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Approaches for Neural-Network Language Model Adaptation

My work focuses on research and development of automatic speech recognition, large language modeling, multimodal multilingual modeling, etc.
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    Multimodal Language Identification
    Shikhar Bharadwaj
    Sriram (Sri) Ganapathy
    Sid Dalmia
    Wei Han
    Yu Zhang
    Proceedings of 2024 IEEE International Conference on Acoustics, Speech and Signal Processing (ICASSP 2024) (2024)
    Preview abstract Spoken language identification refers to the task of automatically predicting the spoken language in a given utterance. Conventionally, it is modeled as a speech-based language identification task. Prior techniques have been constrained to a single modality; however in the case of video data there is a wealth of other metadata that may be beneficial for this task. In this work, we propose MuSeLI, a Multimodal Spoken Language Identification method, which delves into the use of various metadata sources to enhance language identification. Our study reveals that metadata such as video title, description and geographic location provide substantial information to identify the spoken language of the multimedia recording. We conduct experiments using two diverse public datasets of YouTube videos, and obtain state-of-the-art results on the language identification task. We additionally conduct an ablation study that describes the distinct contribution of each modality for language recognition. View details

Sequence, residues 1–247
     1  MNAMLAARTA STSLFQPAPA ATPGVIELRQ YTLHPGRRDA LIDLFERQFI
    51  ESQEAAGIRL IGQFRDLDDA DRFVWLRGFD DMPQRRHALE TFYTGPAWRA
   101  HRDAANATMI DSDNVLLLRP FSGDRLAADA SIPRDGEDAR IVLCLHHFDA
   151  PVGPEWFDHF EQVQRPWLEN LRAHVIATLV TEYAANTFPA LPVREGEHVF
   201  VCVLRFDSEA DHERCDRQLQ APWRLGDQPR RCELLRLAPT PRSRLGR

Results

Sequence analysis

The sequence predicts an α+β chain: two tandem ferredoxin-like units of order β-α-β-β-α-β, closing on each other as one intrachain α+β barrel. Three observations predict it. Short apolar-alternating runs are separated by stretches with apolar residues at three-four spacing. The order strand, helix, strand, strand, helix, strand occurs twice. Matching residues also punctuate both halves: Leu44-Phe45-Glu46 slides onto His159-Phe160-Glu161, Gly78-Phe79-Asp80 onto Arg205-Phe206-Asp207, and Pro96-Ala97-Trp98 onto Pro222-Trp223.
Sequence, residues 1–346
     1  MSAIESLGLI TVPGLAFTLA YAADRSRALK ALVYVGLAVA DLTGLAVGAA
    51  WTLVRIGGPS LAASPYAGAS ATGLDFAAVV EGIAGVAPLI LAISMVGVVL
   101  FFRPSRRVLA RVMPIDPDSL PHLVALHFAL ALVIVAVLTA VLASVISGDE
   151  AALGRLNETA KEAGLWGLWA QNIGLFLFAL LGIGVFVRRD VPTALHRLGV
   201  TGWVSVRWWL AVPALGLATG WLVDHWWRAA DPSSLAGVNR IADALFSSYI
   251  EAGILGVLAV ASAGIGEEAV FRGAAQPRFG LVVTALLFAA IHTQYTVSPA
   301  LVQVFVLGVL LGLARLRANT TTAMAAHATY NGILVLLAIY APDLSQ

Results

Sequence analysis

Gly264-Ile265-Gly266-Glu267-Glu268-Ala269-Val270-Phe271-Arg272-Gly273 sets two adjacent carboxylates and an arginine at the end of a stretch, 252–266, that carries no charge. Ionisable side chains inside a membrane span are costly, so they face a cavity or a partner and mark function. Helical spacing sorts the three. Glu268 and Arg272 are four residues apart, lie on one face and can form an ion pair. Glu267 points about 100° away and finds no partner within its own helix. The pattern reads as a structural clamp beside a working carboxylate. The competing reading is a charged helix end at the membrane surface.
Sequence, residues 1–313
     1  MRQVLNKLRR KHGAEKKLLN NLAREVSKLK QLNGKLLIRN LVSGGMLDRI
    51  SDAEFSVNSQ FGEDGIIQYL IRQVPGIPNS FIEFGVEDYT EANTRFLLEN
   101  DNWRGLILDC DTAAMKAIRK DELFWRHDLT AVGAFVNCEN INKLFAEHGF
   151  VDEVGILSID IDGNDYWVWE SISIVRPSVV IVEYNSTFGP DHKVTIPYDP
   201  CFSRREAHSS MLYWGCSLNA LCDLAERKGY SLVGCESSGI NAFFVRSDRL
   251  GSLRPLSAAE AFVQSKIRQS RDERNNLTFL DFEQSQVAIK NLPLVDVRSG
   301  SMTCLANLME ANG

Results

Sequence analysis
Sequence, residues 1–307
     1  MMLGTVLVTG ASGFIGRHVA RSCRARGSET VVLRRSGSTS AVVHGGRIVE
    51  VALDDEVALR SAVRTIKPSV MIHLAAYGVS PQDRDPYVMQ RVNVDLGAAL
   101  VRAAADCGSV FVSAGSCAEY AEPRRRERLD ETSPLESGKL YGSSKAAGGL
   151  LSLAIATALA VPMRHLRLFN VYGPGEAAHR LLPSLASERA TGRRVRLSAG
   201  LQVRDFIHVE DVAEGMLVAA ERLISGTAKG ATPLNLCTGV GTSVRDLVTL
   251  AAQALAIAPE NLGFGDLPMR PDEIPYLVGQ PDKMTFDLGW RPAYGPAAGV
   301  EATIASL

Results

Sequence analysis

MASR: Multi-Label Aware Speech Representation
    Anjali Raj
    Shikhar Bharadwaj
    Sriram Ganapathy
    2023 Workshop on Automatic Speech Recognition and Understanding (ASRU) (2023)
    Preview abstract In the recent years, speech representation learning is constructed primarily as a self-supervised learning (SSL) task, using the raw audio signal alone, while ignoring the sideinformation that is often available for a given speech recording. Incorporation of side information in existing techniques is constrained to a specific category of meta-data, thereby imposing limitations. Furthermore, these approaches exhibit inefficiencies in their utilization of such information. In this paper, we propose MASR , a Multi-label Aware Speech Representation learning framework, which addresses the aforementioned limitations. MASR enables the inclusion of external knowledge sources to enhance the utilization of meta-data information. Using MASR representations, we perform evaluation on several downstream tasks such as language identification and speech recognition. In these experiments, we illustrate significant performance improvements for the MASR over other established benchmarks. A key advantage of the MASR is that it can be combined with any choice of SSL method. We perform a detailed analysis on the language identification task which illustrates how the proposed loss function enables the representations to separate closely related languages. We also investigate the application of the proposed approach for other non-semantic tasks such as speaker and emotion recognition. View details